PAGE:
Both the Indian Men and Women did commendably in the penultimate round of the Chess Olympiad at Baku, Azerbaijan, by holding their fancied rivals to a draw, but may still fall just short of a podium finish as a tense last round awaits them on Tuesday. Harikrishna sprang the biggest upset of the entire mega event when he trounced the World Championship challenger, Sergey Karjakin. For the women, it was Tania Sachdev who rose to the occasion, upsetting Grandmaster Natalia Zhukova in a wild and tense encounter.
However, the point positions and pairings of other teams dictate that India's chances for a medal in the open category are remote in the logical course. With just the last round left, USA and Ukraine are in joint lead with 18 match points apiece, already guaranteed a medal each. They are followed by Russia on 16 who has the best chances for the bronze, after which a total of 7 countries including India are tied on 15 points.
However, all the top teams are playing much weaker rivals in the last round – USA takes on the 25th seeded Canada, Ukraine the 29th seeded Slovenia and Russia the 36th seeded Italy. India's hopes solely rest on beating 12th seeded Norway and Russia not being able to win their match, but that would be wishful thinking.
Indian women have a much better chance of bagging a medal. China leads the table with 18 match points, followed by Russia on 16. There six teams including India on 15 points, and most of the top teams will face each other in the final round. While China and Russia face off in a direct clash on the top table, India takes on USA who are seeded just a slot below them. Hence, if India wins the tough match on Tuesday, they stand good chances to win a medal.
Vidit Gujrathi and Sethuraman played extremely solid, never giving their higher rated rivals any chances through the game. Playing Ian Nepomniachtchi, who at a rating of 2740 is ranked 21st in the world, Gujrathi essayed the English opening and eliminated all risk in the position before slowly trying to push for an advantage in the endgame. He even refused to repeat the moves on move 30 but varied with a more aggressive option, creating a buzz. However, the position didn't have much juice left to play for more.
Sethuraman played completely different from his usual style against Alexander Grischuk, rated 2754 and ranked tenth in the world. Avoiding trademark sharp openings, he employed the quiet Hungarian Defence by transposition. In a slow manoeuvring game he defended solid to force a draw. A clear success of an opening surprise with Black pieces.
In both the men and women team for India, the results reflected who could hold their nerve in a tense encounter, and who went astray, even from reasonable positions, due to pressure. Facing the former World Champion and living legend Vladimir Kramnik, who at a mammoth 2808 rating is ranked fourth in the world, Adhiban seemed unlike his usual confident self. From the Black side of a Reti opening, he seemed to handle his pawns with a hint of pseudo-aggression, exchanging them when he could have held the tension and pushing them up when he needed to hold them back. His position deteriorated slowly and Kramnik outplayed him in a clear-cut manner. It seemed more of Adhiban's loss than Kramnik's gain.
But if anyone in that tournament hall showed quiet confidence and aggression, it was Pentala Harikrishna. Facing Karjakin, who is rated 2769 at ninth in the world, and who is set to challenge Magnus Carlsen later this year for the title of world champion, Hari conducted the game as any other. From the White side of a Guico Piano, he attained a slight edge by move 21, and started applying pressure by threatening to invade the kingside with his Knights. An uncharacteristic blunder by Karjakin, who surprisingly cracked under pressure enabled Hari to win the exchange, and he converted confidently in 44 moves.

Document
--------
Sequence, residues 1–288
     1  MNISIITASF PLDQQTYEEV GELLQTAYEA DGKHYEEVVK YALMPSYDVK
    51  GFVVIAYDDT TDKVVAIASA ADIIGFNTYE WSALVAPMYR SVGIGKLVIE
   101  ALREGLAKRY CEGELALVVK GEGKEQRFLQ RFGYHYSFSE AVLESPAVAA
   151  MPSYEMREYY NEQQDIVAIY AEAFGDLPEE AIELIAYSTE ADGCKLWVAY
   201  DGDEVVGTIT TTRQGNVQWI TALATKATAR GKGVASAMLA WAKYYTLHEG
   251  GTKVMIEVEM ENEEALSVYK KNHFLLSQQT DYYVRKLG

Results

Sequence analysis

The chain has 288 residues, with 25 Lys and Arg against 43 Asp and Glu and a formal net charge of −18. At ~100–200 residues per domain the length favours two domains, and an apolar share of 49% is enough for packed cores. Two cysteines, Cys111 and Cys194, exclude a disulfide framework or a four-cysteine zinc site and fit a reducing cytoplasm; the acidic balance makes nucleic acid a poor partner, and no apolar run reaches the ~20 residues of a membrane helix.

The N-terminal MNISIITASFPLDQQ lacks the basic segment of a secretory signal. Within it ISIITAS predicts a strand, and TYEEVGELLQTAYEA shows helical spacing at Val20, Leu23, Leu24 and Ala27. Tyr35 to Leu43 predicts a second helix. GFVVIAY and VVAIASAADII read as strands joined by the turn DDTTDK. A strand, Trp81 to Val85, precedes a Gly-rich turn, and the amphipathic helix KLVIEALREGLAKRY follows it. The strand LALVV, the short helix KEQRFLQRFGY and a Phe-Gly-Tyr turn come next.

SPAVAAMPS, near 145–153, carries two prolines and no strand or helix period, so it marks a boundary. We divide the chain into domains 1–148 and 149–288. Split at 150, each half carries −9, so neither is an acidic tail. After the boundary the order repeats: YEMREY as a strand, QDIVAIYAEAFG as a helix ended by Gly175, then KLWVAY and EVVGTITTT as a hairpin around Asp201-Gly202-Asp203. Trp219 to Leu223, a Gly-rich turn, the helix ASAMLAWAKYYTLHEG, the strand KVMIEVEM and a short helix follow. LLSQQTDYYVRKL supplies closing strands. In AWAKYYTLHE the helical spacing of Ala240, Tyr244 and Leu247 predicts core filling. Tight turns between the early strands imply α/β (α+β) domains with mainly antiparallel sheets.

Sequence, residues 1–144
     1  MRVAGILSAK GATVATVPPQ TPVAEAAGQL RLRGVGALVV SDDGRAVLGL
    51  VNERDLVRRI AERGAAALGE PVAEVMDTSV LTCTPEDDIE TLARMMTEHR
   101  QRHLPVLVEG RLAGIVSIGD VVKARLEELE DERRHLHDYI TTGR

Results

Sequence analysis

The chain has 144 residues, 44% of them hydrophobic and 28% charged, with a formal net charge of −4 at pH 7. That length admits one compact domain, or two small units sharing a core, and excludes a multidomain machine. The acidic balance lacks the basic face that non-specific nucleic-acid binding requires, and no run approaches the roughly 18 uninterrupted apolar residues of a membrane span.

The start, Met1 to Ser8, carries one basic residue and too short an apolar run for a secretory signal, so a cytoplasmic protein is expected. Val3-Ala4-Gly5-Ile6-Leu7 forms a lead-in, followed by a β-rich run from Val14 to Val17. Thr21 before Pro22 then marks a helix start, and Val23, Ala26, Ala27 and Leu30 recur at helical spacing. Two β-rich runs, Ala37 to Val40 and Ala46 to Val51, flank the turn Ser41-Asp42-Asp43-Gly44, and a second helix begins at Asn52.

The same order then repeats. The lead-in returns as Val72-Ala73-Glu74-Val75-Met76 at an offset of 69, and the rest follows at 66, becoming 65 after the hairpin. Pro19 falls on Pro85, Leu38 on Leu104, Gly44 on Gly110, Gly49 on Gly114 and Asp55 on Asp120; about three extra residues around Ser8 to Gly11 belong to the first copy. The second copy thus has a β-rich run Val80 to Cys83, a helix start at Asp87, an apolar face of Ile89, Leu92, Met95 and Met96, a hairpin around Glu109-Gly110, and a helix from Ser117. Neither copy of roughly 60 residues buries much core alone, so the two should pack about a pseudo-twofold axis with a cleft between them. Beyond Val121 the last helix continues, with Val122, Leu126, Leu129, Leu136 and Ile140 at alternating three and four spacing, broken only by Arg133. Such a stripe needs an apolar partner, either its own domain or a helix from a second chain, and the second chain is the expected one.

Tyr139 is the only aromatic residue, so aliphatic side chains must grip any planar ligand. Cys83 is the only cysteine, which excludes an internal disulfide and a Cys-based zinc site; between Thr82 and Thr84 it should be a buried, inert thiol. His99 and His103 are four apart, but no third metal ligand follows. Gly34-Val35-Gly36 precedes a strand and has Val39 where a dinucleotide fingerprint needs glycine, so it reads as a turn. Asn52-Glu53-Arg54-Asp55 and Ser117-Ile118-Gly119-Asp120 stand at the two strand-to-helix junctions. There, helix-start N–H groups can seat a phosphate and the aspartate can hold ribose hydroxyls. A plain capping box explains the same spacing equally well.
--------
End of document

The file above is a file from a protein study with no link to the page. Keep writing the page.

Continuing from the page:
In the women's draw, though Dronavalli Harika is a solid presence for India, her insipid opening choice on the top board with White pieces gave the impression she wanted to eliminate any kind of risk against fellow Grandmaster Anna Muzychuk of Ukraine. Though she ended the game in a draw against an equally strong player, the strategy - if any - behind such a conduction was surprising, as all her team mates faced comparatively stronger rivals on paper on the other boards.
However, playing against her younger sister Grandmaster Mariya Muzychuk, Padmini Rout boldly adopted the French defence with Black and showed guts in adopting a complicated and topical line. In a Queen-less middlegame, Padmini even seemed to hold a slight edge, but the game petered out to a draw.
Comparatively, the Indian bottom boards were under most of the pressure, and Soumya Swaminathan simply went astray to taste her first defeat. From the Black side of a Slav Meran, Soumya seemed to have a passive but defendable position in the middlegame against former Women's World Champion and Grandmaster Anna Ushenina. After a series of mutual mistakes which showed the state of their nerves, Soumya made a crucial calculation error on the 21st move, and landed into a losing position soon.
Tania Sachdev was once again involed in a topsy-turvy game with White pieces on the third board against Zhukova. From the white side of a sharp Modern Benoni, Tania seemed to tease danger, keeping her King in the centre in the middlegame. However, a wrong combination by her opponent gave Tania initiative in an imbalanced position, and she kept steady nerves to convert her advantage in a lengthy endgame, thus enabling India parity against the much stronger Ukraine.
Tuesday will be the day fans all over India are bound to watch the games relayed live, particularly the men's section, where Harikrishna will be up against the best of the challenge one can face – the World Champion Magnus Carlsen of Norway on the top board! He also stands a chance to win an individual medal in case of a good result.